Left unmowed, this no-mow lawn will form a soft, 4″ – 6″ tall carpet of grass. If you prefer a more cropped look, mow once a month to a height of 3″ – 4″. Never remove more than one-third of the top growth; cutting lower may damage the grasses. Water only during dry periods—occasional thorough soakings are better than frequent light sprinklings. Fertilizer is not necessary.
Pests and Potential Problems
Grubs, leaf spot, dollar spot, summer patch and red thread are potential problems for hard fescue.
The Amazing Shade Tolerance Of Fine Fescue Grass
Fine fescue is not native to the U.S., but originated in Europe. They are probably best known for their exceptional shade tolerance and their very thin blades. The blades often appear to be rolled like a string instead of a flat blade. The widest blades are not much more than 1/16 of an inch wide.
In the U.S. fine fescues are mostly restricted to being a “shade grass”. Common grass species include Creeping Red Fescue, Chewings Fescue, Hard Fescue, and Sheep Fescue.
The blades are so thin they simply cannot take the summer heat when planted in full sun, even in many parts of the northern U.S. However, in many European countries where the grass originated, the conditions are more favorable and these fine fescues have even been used as a primary turfgrass.
Important Note About “Fine Fescue” and “Fine Leaf Fescue”: I occasionally hear about someone planting their lawn with Creeping Red Fescue, for example, and are upset that it completely died in summer. In southern Missouri, summer temps are far too hot for fine fescue to survive in full sun. I believe there is a lot of confusion about fine fescues. Even some professionals get it wrong. I hope this helps solve the problem.
Fine Fescue grasses are not the same species as the “Fine Leaf Fescues”. Fine Fescues are the types listed on this page, while Fine Leaf Fescue is an older name for “‘Turf-Type’ Tall Fescue”.
Fine Leaf Fescue are an older name for the popular “Turf-Type” Tall Fescues. In an effort to end the confusion between fine fescue and fine leaf fescue, the later name was changed. Turf-type Tall Fescue are actually improved varieties of Tall Fescue. Are you thoroughly confused now?
How Fine Fescues are Labeled
There are a few different species of fine fescues. Each species will be able to tolerate slightly different conditions. They are often labeled as “Shade Grass Seed Blend” or something similar. A good blend should contain each of the species of seed to cover the different types of growing conditions. The grass species that will prevail will be the ones that are best suited for your conditions.
If planting seed in the fall the grass will grow as normal. However, any seed growing in full sun will probably be lost the following year. As the temps climb in late spring, the grass will start to suffer and eventually die. Plant a different species in the sun, such as a Turf-type Tall Fescue.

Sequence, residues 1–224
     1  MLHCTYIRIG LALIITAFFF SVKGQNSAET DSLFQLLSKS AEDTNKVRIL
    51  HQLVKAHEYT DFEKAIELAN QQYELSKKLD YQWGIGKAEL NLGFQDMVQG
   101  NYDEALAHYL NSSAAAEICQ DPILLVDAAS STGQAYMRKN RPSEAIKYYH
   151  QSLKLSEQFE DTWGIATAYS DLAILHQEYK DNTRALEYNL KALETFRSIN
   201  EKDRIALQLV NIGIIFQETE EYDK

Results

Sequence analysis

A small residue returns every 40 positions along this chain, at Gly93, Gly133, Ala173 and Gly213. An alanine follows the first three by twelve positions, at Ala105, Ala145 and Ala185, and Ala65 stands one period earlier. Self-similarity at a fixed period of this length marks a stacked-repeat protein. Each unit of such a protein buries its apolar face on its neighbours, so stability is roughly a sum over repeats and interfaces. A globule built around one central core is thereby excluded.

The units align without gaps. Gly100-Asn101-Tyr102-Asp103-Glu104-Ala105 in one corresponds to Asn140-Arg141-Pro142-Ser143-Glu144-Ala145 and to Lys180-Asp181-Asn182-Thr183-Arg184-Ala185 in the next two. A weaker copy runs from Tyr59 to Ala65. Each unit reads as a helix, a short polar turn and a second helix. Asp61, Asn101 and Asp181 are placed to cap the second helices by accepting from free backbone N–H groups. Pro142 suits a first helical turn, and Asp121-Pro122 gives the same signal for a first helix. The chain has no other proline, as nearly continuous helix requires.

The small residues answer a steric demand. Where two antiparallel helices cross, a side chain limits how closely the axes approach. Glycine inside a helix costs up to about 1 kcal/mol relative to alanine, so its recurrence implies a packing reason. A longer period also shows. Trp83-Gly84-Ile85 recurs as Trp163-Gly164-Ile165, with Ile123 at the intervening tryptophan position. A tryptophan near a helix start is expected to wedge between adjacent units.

Click here to see a map of the U.S. climate zones for grass adaptation.
Fine Fescue Grass Types
Creeping Red Fescue
Creeping red fescue prefer cooler, damp climates. Their best range of adaptation is in the north/central to north/eastern areas of U.S and Canada and has exceptional cold tolerance. It is strictly a shade grass and will not survive long in the sun. Tall fescue or Kentucky bluegrass should be used in the full sun portions of your lawn.
Creeping red, as the name implies, is a slowly spreading grass. It creeps along by way of short underground stems called rhizomes. This grass can also develop thatch. Core aeration can help reduce thatch, especially if the cores are left on the grass. See Plant Structure for a better understanding of rhizomes.
I have heard many times where homeowners planted Creeping Red Fescue in sunny area because a store clerk recommended it. Clerks are often poor sources for advice. Be sure to read the bag ingredients carefully, so you don’t waste your money. Creeping Red will die in sunny locations as temps heat up in summer in most U.S. locations. Only a few places in the U.S. have acceptable conditions. Keep it as a shade grass and you will do okay.
Chewings fescue prefers a little drier climate than does creeping red fescue. It prefers the north/central U.S. It will do best in shade, however, has the ability to survive in the sun as long as it is not too hot. It has a bunch type growth habit and does not spread.
Like the other fine fescues, hard fescue has very fine blades and is very shade tolerant. One difference is in the color. It tends to have more of a gray/green color similar to the color of buffalograss. It prefers northern areas with drier climates. It will perish in soils that are consistently moist.
This species is especially useful in shaded areas that will receive little maintenance. It is considered to be a common variety with few cultivars. It doesn’t require much maintenance. On shaded areas, including steep shaded hillsides or other difficult to mow places, this is a perfect choice. Just let it go and don’t worry about mowing it.
Fine fescues should not be used in high traffic areas. It won’t hold up due to low wear resistance. All grasses, including fine fescue, grow slower in shade. There isn’t enough sunlight to support rapid growth, due to lower photosynthetic rate.
Since shade grasses grow slower than sun grasses, any damage that occurs will take longer to repair. Turf-type tall fescue has good shade tolerance and is a better choice for those areas with moderate to heavy traffic.
Planting Fine Fescue
Planting fine fescue lawn grass seed is easy and is best done in the fall when high temps are in the eighties or lower. Remove any fallen leaves and make sure the soil is damp. Since it will be planted in the shade, use a steel rake to scratch and loosen the soil surface. You can also use a pull-behind dethatcher, as well. Scatter the seed and use the back side of the rake to lightly cover the seed. Keep it watered lightly, so soil remains moist until germination. Only 3 to 5 lbs per 1000 sq. ft. are all that is needed.